The CISO’s reporting structure is broken
How can a cybersecurity leader protect government assets from adversaries when they lack the power to act in the best interests of their agency?
This issue is increasingly important in today’s environment. In a recent report by the Government Accountability Office, five out of 12 federal agencies said they faced “an increase in certain types of cyber attacks” when working remotely. Supporting a remote workforce is here to stay. To protect against the increasingly hostile threat landscape, it is up to agency leaders to seek opportunities to improve operational security effectiveness and organizational improvement.
The CISO’s reporting structure varies slightly from one agency to another. Under the Federal Information Security Management Act (FISMA), information security functions, including cybersecurity, are the responsibility of the CIO agency. The CIO reports directly to the Chief Operating Officer (COO) – or equivalent – who reports to the head of the agency.
Responsibilities for information security are then delegated to the Chief Information Security Officer (CISO), meaning that the CIO has the ultimate responsibility for the two IT functions and security. It is becoming overwhelming and unbearable.
Almost all cybersecurity priorities are driven by federal mandates and requirements. Executive decrees, Office of Management and Budget mandates, and Cybersecurity and Infrastructure Security Agency guidelines are just a few examples. The commitment to manage cyber risk is a major concern, but is often consolidated with IT priorities. It creates a conflict – does IT or security come first?
Some agencies have developed a good and healthy balance between IT operations and security operations teams. “Healthy” in this case means that these agencies are more effective when setting up new services, adopting new modernization activities, or responding to advanced threats. But in most agencies, the relationship between IT and security is unhealthy, which means getting everything done becomes a complex and difficult situation that prevents an agency from moving forward.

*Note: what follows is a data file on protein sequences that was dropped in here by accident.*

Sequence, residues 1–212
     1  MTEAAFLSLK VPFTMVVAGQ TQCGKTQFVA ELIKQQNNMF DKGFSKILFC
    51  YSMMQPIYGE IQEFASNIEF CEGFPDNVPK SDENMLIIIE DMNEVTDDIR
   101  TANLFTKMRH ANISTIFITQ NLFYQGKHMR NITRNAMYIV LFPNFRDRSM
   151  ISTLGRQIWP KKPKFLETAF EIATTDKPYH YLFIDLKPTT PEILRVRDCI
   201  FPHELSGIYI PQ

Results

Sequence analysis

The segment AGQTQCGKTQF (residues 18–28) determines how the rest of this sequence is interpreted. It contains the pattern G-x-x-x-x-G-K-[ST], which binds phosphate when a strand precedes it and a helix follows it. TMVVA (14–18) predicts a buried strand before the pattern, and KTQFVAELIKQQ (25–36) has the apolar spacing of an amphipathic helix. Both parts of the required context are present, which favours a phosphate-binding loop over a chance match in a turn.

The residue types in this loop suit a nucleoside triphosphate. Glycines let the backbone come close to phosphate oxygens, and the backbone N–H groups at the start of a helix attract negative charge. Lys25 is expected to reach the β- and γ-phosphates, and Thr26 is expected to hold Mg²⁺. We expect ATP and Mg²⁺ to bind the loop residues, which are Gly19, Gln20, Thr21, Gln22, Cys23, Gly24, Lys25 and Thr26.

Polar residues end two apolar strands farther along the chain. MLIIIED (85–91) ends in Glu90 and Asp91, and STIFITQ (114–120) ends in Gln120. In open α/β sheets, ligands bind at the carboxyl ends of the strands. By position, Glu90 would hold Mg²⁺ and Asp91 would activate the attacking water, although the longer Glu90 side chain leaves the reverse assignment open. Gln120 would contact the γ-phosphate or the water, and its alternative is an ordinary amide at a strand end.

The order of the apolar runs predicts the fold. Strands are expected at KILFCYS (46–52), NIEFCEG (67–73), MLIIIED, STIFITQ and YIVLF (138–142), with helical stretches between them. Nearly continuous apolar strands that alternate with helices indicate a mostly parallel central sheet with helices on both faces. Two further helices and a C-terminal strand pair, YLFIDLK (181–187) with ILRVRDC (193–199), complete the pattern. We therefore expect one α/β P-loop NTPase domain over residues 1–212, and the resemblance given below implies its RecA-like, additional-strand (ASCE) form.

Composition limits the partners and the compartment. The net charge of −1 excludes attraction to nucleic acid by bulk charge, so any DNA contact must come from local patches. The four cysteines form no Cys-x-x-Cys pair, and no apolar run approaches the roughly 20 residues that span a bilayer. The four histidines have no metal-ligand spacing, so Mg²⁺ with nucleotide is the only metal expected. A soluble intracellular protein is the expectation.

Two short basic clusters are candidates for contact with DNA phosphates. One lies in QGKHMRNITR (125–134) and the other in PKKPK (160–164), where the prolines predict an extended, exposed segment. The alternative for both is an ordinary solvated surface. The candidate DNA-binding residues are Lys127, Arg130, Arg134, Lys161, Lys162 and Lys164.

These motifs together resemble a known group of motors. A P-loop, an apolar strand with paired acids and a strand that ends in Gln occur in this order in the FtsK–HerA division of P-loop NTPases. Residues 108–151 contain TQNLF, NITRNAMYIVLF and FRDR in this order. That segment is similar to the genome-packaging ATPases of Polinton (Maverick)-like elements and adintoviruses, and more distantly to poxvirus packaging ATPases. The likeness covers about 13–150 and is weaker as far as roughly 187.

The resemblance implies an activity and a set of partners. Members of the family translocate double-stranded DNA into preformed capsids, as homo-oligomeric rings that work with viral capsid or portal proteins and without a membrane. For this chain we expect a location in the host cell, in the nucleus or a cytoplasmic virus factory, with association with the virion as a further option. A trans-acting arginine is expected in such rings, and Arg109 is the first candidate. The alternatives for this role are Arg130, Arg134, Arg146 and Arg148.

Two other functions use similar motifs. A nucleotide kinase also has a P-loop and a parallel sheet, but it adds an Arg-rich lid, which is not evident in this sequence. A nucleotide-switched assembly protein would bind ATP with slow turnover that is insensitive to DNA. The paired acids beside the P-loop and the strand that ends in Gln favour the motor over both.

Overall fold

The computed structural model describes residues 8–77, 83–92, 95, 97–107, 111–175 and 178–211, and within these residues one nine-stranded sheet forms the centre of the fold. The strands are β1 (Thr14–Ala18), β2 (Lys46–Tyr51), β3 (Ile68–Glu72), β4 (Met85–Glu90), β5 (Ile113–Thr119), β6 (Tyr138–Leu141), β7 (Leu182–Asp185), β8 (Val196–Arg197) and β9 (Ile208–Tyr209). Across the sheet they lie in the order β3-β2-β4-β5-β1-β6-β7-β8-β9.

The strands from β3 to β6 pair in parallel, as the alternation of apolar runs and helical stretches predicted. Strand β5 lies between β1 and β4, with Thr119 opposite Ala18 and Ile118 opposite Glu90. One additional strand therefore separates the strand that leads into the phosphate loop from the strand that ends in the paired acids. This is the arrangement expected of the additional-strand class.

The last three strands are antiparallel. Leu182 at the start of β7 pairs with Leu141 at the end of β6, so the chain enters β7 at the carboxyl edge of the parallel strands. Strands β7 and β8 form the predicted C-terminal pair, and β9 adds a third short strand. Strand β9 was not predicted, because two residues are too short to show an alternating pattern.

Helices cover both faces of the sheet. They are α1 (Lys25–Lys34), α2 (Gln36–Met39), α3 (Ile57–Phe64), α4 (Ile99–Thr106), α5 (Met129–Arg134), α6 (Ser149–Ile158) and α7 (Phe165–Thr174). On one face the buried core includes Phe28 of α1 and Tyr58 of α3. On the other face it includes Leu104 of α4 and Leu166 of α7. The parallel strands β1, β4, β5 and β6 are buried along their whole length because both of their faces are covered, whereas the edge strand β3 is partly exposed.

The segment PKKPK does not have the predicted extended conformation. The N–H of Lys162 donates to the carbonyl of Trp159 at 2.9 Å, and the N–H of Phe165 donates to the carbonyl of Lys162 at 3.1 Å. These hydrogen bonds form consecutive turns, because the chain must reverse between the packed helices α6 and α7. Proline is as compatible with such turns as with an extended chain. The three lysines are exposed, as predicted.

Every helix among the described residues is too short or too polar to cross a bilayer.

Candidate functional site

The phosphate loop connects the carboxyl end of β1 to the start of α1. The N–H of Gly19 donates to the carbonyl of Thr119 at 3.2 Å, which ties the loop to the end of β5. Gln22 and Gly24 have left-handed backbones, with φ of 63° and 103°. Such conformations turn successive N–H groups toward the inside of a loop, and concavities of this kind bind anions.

When there is a cyber event or initiative, for example, the CIO will get advice from the CISO and the head of the IT organization. It is a problem. IT and security will always have different perspectives because they have different experience, backgrounds and training. The IT department does not work from the same information, so it does not fully understand cyber risk as an CISO would (information on cyberthreats, exposure to vulnerabilities, cyber risks, etc.). And you certainly can’t expect them to have the same perspective on cyber vulnerabilities or risk management.
When it comes to a security issue, the RSSI should be the primary voice. They should be considered a peer of the CIO and report directly to the agency manager. This will limit conflicts and improve the flow of information within the agencies.
Identify cyber challenges